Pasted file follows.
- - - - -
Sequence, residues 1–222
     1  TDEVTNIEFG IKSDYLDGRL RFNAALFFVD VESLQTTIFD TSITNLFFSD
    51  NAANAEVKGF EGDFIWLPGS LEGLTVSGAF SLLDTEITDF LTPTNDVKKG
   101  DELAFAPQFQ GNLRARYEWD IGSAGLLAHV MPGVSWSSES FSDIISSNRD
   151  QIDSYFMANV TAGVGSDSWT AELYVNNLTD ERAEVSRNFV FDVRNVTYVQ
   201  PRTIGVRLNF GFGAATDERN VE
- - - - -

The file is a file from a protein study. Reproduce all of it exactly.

Sequence, residues 1–222
     1  TDEVTNIEFG IKSDYLDGRL RFNAALFFVD VESLQTTIFD TSITNLFFSD
    51  NAANAEVKGF EGDFIWLPGS LEGLTVSGAF SLLDTEITDF LTPTNDVKKG
   101  DELAFAPQFQ GNLRARYEWD IGSAGLLAHV MPGVSWSSES FSDIISSNRD
   151  QIDSYFMANV TAGVGSDSWT AELYVNNLTD ERAEVSRNFV FDVRNVTYVQ
   201  PRTIGVRLNF GFGAATDERN VE